Another concept that is closely related to technological determinism is the convergence theory. Like technological determinism it relies on technology acting as an independent force, influencing society. This theory states that the constraints as well as opportunities technology places on society encourage all societies to converge towards a single set of social patterns and individual behaviours4. For example this theory would imply that the introduction of ‘western’ technologies to a ‘backward’ country would result in that country taking on the cultural ideals and social characteristics of the western world. In this theory it seems that western culture is the place other cultures our converging to.
Perhaps this is not truly convergence as it only seems to be the ideals to be the ideals of the backward country undergoing a shift; however it seems the main idea of this theory is that through technology the different societies of the world become homogenised. Superficially there would seem to be many examples of this ‘convergence’ occurring. Japan would be a prime example. For thousands of years Japan was isolated from the outside world living in a feudal state steeped in culture and tradition. In 1868 the Meiji restoration occurred and its ports were finally opened to the west and in turn western technologies5. What occurred in the years following this could be described as the fastest modernisation of history. Yet despite this the people retained much of their culture and tradition. Certainly they became somewhat westernised in terms of social systems however their individual ideals were not greatly changed. Even today in Japan, after what superficially could be described as a total Americanisation, the individual differences in behaviour between the west and the Japanese are very evident.
Clearly Technology cannot be the only influence acting on society. Volti points out that it is too simplistic to expect that all the features of a society will be summarily transformed by society’s requirements6. He is critical of the manner in which this theory fails to take into account social and cultural characteristics of a country prior to the introduction of a certain technology. Often technologies are used differently by different cultures. Volti uses the example of gunpowder being used for fireworks in china as opposed to weaponry in the west to illustrate this point.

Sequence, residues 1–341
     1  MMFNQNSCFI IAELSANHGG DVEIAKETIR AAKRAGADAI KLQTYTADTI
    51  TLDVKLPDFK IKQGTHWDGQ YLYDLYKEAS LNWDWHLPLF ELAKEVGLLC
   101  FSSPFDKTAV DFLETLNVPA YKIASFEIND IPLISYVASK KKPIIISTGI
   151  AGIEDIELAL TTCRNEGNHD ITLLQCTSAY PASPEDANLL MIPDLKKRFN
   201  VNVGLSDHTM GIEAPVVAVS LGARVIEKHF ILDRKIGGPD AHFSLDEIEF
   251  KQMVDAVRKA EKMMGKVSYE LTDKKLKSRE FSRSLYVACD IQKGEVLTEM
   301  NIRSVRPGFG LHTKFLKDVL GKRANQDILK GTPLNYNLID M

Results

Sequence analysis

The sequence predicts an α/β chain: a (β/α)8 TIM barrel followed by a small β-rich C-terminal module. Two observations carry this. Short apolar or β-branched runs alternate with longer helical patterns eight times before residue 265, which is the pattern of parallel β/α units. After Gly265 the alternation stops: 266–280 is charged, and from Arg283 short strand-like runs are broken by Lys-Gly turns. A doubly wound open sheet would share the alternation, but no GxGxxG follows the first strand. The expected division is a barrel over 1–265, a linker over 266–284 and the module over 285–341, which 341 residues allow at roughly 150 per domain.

All of these concepts are very much related to each other. To be most effective they should probably be viewed as one set of theories that act as to model to predict technologies impact on society. However each one of these theories is also flawed. Technological Determinism is in essence the concept that all technology is independent. And unfortunately what it fails to take into account is that almost nothing in this world, let alone society, is independent. There can be little doubt that technology has some seemingly autonomous characteristics however it is certainly affected by some external factors. The concepts of cultural lag and the convergence theory are also reliant on the independent nature of technology and are thus somewhat flawed. Perhaps if these theories recognised the mutual relationship between society and technology, in that they both influence each other, then these theories would be more pertinent and effective.
1 http://www.scit.wlv.ac.uk/~c9814405/cp2014/howwastheinternetinvented.htm How was the Internet invented? Accessed 12/5/04.
2 Volti, Rudi. Society and Technological change. New York: St Martin’s Press, 1988.
3 Volti, Rudi. Society and Technological change. New York: St Martin’s Press, 1988.
4 Volti, Rudi. Society and Technological change. New York: St Martin’s Press, 1988.
5 http://www.compsoc.net/~gemini/simons/historyweb/meiji-resto.html Meiji restoration, History web accessed 12/5/04.
6 Volti, Rudi. Society and Technological change. New York: St Martin’s Press, 1988.